Filaret, who was just gifted Tomos, and who again proclaimed himself “patriarch”, came to see Tymoshenko. Valentin Nalyvaichenko, who already announced his candidacy for president, also came to see Tymoshenko. Both figures are important and symbolical. Both are well versed in the intricacies of Kiev politics and always keep their finger to the wind. Both are orientated towards the US (Nalyvaichenko in general was recruited by the CIA long ago). Both enjoy authority in the circle of radicals. Their appearance at the congress must show those who have doubts that Tymoshenko has the informal support of the US, and that in a critical situation she can obtain her own power resource [the use of physical force – ed] represented by these same radical groups that the electoral campaign of Petro Poroshenko is focused on.

This congress is a well organised psychological attack on Poroshenko’s environment. People who placed a stake on the owner of “Tomos” are being shown that this card has been outplayed, and that all inveterate and informed politicians who always support the winner have sided with Tymoshenko. This is a technically well executed attempt to loosen the unity of Poroshenko’s support group, seed in his environment disbelief in a victory and mistrust towards each other, and to stimulate side-switching and treachery. Ideally, there is an attempt to deprive Petro Poroshenko of resources not only for a victory in elections, which he already lost before they began, but also of the opportunity to falsify the results by leaning on administrative and siloviki resources.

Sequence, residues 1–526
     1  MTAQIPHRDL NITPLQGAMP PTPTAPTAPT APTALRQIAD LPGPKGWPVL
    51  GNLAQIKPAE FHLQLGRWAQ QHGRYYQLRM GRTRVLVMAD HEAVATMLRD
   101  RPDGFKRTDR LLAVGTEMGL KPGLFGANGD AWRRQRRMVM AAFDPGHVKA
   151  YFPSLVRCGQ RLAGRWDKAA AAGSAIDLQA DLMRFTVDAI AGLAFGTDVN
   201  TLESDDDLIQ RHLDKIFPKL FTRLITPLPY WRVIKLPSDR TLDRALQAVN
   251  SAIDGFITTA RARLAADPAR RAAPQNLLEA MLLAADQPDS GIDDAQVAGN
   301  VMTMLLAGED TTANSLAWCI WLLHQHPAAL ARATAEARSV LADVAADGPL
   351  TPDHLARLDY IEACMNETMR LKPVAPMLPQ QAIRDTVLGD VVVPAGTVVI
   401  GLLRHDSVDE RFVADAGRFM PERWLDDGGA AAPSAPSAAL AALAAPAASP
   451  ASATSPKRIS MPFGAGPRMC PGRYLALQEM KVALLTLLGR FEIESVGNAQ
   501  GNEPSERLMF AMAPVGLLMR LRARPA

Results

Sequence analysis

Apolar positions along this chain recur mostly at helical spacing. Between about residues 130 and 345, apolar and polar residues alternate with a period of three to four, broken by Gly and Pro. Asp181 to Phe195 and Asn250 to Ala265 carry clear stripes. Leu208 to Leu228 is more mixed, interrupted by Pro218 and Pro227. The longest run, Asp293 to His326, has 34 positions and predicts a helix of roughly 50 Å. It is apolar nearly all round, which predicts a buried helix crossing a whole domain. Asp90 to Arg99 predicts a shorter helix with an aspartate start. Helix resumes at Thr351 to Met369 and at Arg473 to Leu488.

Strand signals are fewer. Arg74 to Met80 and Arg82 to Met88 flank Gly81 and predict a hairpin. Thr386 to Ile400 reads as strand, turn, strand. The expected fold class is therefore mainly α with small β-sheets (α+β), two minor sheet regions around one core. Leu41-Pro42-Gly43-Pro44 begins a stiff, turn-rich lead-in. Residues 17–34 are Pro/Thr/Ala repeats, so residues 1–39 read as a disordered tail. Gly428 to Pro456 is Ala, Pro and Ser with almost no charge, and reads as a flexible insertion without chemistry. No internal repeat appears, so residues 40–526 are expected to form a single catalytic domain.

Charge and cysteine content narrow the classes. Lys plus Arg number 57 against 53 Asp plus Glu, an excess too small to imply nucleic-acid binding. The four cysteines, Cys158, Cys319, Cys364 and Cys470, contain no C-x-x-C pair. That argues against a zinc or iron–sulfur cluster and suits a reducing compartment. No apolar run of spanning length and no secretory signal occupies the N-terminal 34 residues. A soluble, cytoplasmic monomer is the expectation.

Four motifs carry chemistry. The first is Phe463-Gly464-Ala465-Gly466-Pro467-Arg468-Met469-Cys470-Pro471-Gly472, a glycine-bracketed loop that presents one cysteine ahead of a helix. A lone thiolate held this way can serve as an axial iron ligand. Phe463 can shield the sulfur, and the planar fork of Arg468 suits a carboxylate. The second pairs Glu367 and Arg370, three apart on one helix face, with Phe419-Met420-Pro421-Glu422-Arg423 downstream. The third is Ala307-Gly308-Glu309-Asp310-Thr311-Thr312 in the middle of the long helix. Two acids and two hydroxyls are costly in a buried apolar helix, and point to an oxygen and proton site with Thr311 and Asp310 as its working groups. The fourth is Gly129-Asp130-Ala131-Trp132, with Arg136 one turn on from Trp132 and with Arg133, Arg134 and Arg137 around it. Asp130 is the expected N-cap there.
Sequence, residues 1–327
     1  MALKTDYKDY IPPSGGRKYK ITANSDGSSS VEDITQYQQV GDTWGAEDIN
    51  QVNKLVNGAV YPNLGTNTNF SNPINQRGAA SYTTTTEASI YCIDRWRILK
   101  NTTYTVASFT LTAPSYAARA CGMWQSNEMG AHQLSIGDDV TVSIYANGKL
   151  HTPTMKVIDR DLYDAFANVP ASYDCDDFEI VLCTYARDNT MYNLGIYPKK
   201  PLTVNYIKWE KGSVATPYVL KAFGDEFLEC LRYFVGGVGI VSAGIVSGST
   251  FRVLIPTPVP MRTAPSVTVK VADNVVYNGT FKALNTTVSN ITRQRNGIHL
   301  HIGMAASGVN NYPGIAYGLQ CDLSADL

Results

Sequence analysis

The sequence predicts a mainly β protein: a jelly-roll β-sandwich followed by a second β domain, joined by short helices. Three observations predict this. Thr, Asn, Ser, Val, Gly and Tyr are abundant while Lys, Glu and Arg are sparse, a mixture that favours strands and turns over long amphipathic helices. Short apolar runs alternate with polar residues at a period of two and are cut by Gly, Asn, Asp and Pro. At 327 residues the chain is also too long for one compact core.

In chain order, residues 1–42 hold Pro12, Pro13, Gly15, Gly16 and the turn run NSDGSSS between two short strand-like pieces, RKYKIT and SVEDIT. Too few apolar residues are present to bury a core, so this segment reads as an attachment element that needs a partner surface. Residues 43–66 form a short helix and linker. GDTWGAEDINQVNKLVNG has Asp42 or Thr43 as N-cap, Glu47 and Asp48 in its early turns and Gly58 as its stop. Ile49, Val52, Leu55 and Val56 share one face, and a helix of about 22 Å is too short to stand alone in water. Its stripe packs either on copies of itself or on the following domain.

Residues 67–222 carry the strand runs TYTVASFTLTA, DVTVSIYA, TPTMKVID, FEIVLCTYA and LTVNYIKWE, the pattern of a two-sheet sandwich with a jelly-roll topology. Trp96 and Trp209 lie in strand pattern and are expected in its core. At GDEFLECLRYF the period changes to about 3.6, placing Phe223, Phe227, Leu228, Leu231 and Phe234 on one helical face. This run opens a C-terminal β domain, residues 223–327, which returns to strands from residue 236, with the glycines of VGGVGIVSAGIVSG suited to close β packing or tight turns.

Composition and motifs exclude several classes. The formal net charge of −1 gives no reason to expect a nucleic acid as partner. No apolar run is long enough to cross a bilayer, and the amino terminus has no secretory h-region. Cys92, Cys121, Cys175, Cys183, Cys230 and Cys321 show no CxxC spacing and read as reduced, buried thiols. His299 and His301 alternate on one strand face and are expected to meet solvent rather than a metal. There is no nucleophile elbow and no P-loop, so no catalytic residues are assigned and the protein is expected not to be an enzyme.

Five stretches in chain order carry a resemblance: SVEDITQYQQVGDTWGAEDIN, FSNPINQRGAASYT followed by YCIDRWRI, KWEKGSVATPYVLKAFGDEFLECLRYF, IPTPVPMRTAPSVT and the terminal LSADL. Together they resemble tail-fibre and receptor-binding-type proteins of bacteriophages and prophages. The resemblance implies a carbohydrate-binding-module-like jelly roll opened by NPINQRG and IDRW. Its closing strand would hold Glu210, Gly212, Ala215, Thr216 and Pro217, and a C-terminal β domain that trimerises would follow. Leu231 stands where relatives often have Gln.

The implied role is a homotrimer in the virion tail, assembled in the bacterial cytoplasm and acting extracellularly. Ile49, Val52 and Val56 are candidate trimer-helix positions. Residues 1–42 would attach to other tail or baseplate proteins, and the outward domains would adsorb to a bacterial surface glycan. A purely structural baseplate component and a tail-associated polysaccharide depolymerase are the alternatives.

However, the situation for Tymoshenko is not as simple as it may seem at first sight. She can’t win in just one round, her approval rating is obviously insufficient, and it is impossible to rapidly increase it — all somehow considerable groups of voters are already being seduced by other candidates. The problem of the second round will be considerable for Tymoshenko if Poroshenko will not be in it. Her election program is completely focused on fight against Poroshenko, it is very difficult to sharply change theses and make adjustments for the opening of her campaign against a new opponent in truncated time on the fly.

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Meanwhile, any applicant who entered the second round of voting will simply replace in their promotional materials the name of Poroshenko with Tymoshenko and will quite naturally continue their information campaign. Yuliya Tymoshenko and Petro Poroshenko have been in power for a long time, they held key posts, consistently supported a pro-West orientation and two Maidans, so they completely bear responsibility for the country’s problems.